Art’s part to play a composition making exclusive and dramatic use of mallets. Since mallets automatically tend to suggest thunder, the title was selected, says Golson, before a note was written. The work is in three movements: the first, Drum Thunder, is self-explanatory, with contributing thunderclaps by soloists Morgan, Golson and Timmons serving as bridges between the Blakey statements. The second movement (subtitled Cry a Blue Tear) is designed in sharp contrast, with a Latin feeling (“so that Art could show how subtly and effectively he can shade”). The third theme, Harlem’s Disciples, is a funky melody in which the only strict rhythm girders are Art’s sock cymbals. A brilliant moment of tension is created by the piano solo, with horn backing, before the front line takes over to lead into the concluding drum solo. The implications of Blues March are clear from the first measure. An attempt is made here (with considerable success, it seems to me) to fuse some of the spirit of the old New Orleans marching bands with the completely modern approach of improvisation as it is felt by the present-day soloists featured here; at the same time the theme, with its slight bugle-call orientation, has a period quality that ties the work together in a unique and compelling manner. It is rewarding to study the way in which Art supports the solos by trumpet, tenor and piano with a heavy fourfour rhythm that escapes any suggestion of thudding monotony, yet retains the marching mood established by the introduction. Timmons’ solo is quite striking in its gradual build from a simple one-note line into an exciting chordal chorus. Come Rain or Come Shine is a reminder that Blakey has found the secret of reconciling the hard-bop temperament of his band with the melodic character of a typical standard tune. The melody is slightly rephrased through the use of syncopation, the horns introduce it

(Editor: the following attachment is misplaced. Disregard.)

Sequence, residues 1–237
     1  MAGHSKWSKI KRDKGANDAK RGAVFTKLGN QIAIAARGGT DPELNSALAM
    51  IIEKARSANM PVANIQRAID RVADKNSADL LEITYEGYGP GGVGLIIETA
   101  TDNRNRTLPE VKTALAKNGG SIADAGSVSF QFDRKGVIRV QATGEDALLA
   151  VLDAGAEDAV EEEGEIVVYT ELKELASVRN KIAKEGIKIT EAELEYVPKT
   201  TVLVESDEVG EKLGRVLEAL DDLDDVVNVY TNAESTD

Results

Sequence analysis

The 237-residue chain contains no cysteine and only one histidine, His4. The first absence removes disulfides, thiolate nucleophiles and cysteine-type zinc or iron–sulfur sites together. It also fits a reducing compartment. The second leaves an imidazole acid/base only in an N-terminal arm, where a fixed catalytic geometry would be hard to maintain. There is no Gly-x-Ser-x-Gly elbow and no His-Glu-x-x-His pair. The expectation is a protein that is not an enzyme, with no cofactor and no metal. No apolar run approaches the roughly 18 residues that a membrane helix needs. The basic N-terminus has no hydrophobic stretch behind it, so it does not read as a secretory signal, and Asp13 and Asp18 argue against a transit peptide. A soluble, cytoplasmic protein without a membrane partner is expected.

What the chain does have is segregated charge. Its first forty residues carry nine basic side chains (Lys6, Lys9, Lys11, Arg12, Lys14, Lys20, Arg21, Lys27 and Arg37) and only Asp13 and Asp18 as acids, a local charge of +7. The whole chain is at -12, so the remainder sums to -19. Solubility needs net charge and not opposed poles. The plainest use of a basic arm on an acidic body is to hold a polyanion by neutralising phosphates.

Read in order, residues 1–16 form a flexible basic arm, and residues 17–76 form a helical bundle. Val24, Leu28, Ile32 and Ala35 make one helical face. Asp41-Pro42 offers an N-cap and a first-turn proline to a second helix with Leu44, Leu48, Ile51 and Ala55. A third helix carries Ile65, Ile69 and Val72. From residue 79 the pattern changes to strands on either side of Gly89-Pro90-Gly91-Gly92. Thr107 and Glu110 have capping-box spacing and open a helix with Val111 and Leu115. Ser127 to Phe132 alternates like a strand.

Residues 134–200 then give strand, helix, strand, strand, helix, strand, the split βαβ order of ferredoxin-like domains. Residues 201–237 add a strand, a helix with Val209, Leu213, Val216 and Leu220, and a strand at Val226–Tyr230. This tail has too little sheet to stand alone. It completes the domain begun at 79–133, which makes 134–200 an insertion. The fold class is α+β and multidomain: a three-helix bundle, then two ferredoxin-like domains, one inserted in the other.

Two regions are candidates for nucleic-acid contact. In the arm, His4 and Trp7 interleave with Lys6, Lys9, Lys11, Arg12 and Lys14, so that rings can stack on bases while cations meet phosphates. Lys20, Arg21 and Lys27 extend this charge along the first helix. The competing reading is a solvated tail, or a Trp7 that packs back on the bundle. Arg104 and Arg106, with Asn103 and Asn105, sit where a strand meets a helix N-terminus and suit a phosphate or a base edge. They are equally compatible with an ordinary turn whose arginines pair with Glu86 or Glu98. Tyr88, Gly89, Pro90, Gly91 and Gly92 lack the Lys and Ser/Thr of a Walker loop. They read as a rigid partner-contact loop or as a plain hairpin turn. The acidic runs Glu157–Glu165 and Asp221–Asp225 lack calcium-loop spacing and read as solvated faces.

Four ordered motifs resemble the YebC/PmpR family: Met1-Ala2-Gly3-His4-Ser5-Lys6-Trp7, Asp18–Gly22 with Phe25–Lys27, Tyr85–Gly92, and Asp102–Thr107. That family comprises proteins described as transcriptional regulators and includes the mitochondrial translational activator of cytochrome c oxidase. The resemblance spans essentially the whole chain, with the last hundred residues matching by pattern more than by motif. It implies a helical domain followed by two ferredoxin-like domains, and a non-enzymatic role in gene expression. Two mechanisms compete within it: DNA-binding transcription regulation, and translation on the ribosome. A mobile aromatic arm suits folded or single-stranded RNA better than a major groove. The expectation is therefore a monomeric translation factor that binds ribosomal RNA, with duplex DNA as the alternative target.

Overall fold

in unison and the soloists take over for a quartet of choruses — Timmons, Golson, Morgan, Merritt–that are no less a reflection of the Messengers’ essential qualities than anything else in the set. The magnificent pulsation of yet another superbly integrated Blakey rhythm section is heard to maximum effect on this track, it seems to me; indeed, one is reminded again how much of this quintet’s real identity, regardless of who happens to be playing with it or writing for it at any given time, is in essence a mirror of the personality of its leader. Merritt’s chorus here is remarkably melodic, never just a bass chorus, but a solo that could have been played no less valuably on a trumpet, saxophone or piano. *




Shortly after these sides were recorded, Blakey and his mailmen took off on a special delivery tour that brought them to France and other Continental points where their message had been picked up for years, with unwavering enthusiasm, through records. The opportunity to communicate in person, in an area he knew to be completely sympathetic with his musical aims, was welcomed by Art; however, as he told Tynan a year or so ago, “The only thing I haven’t figured out yet is how I’m going to preach to those people over there when we don’t all speak the same language.” Then Art provided his own eloquent and appropriate answer as he grinned and added “But who needs words, man – they’ll get the message! –LEONARD FEATHER (Author of The Book of Jazz, Horizon Press) Cover Photo by BUCK HOEFFLER. Recording by RUDY VAN GELDER. Mastered by BERNIE GRUNDMAN, 2012. P 2013 Blue Note Records. Blue Note® is a registered trademark of Capitol Records, LLC. g 2013 Blue Note Records. All Rights Reserved.